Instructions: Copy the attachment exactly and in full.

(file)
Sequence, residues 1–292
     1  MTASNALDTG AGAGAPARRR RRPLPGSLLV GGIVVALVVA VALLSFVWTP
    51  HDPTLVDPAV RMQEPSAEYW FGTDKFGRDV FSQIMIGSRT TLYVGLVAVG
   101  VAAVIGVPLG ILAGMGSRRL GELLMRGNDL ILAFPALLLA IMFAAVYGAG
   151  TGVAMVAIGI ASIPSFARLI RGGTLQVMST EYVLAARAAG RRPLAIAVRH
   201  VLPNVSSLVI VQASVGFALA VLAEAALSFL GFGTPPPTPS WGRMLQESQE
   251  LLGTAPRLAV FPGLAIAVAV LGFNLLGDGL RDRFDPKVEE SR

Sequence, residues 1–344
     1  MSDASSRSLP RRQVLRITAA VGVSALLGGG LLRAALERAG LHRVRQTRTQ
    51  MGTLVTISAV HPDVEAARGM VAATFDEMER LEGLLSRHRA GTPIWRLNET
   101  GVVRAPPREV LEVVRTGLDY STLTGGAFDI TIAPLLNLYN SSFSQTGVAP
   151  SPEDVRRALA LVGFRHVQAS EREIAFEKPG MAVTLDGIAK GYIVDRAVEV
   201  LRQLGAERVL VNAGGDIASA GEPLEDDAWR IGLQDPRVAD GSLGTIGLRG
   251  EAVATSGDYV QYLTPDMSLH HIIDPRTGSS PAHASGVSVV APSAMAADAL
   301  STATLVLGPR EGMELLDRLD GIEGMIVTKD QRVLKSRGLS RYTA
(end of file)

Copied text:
Sequence, residues 1–292
     1  MTASNALDTG AGAGAPARRR RRPLPGSLLV GGIVVALVVA VALLSFVWTP
    51  HDPTLVDPAV RMQEPSAEYW FGTDKFGRDV FSQIMIGSRT TLYVGLVAVG
   101  VAAVIGVPLG ILAGMGSRRL GELLMRGNDL ILAFPALLLA IMFAAVYGAG
   151  TGVAMVAIGI ASIPSFARLI RGGTLQVMST EYVLAARAAG RRPLAIAVRH
   201  VLPNVSSLVI VQASVGFALA VLAEAALSFL GFGTPPPTPS WGRMLQESQE
   251  LLGTAPRLAV FPGLAIAVAV LGFNLLGDGL RDRFDPKVEE SR

Sequence, residues 1–344
     1  MSDASSRSLP RRQVLRITAA VGVSALLGGG LLRAALERAG LHRVRQTRTQ
    51  MGTLVTISAV HPDVEAARGM VAATFDEMER LEGLLSRHRA GTPIWRLNET
   101  GVVRAPPREV LEVVRTGLDY STLTGGAFDI TIAPLLNLYN SSFSQTGVAP
   151  SPEDVRRALA LVGFRHVQAS EREIAFEKPG MAVTLDGIAK GYIVDRAVEV
   201  LRQLGAERVL VNAGGDIASA GEPLEDDAWR IGLQDPRVAD GSLGTIGLRG
   251  EAVATSGDYV QYLTPDMSLH HIIDPRTGSS PAHASGVSVV APSAMAADAL
   301  STATLVLGPR EGMELLDRLD GIEGMIVTKD QRVLKSRGLS RYTA